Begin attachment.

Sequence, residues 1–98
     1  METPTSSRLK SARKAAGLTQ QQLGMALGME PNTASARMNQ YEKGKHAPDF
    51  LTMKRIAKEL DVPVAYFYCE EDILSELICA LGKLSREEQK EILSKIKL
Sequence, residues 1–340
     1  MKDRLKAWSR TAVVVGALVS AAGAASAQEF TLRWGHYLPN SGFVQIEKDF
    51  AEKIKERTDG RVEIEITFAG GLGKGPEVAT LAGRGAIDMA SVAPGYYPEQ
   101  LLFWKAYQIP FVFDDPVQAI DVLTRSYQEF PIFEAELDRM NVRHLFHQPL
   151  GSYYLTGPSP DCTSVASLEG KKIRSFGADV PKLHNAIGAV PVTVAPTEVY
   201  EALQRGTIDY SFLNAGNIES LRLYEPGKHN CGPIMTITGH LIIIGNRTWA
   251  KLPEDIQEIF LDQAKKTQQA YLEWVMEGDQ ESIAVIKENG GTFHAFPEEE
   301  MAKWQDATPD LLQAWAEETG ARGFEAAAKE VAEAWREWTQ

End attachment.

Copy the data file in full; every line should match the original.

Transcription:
Sequence, residues 1–98
     1  METPTSSRLK SARKAAGLTQ QQLGMALGME PNTASARMNQ YEKGKHAPDF
    51  LTMKRIAKEL DVPVAYFYCE EDILSELICA LGKLSREEQK EILSKIKL
Sequence, residues 1–340
     1  MKDRLKAWSR TAVVVGALVS AAGAASAQEF TLRWGHYLPN SGFVQIEKDF
    51  AEKIKERTDG RVEIEITFAG GLGKGPEVAT LAGRGAIDMA SVAPGYYPEQ
   101  LLFWKAYQIP FVFDDPVQAI DVLTRSYQEF PIFEAELDRM NVRHLFHQPL
   151  GSYYLTGPSP DCTSVASLEG KKIRSFGADV PKLHNAIGAV PVTVAPTEVY
   201  EALQRGTIDY SFLNAGNIES LRLYEPGKHN CGPIMTITGH LIIIGNRTWA
   251  KLPEDIQEIF LDQAKKTQQA YLEWVMEGDQ ESIAVIKENG GTFHAFPEEE
   301  MAKWQDATPD LLQAWAEETG ARGFEAAAKE VAEAWREWTQ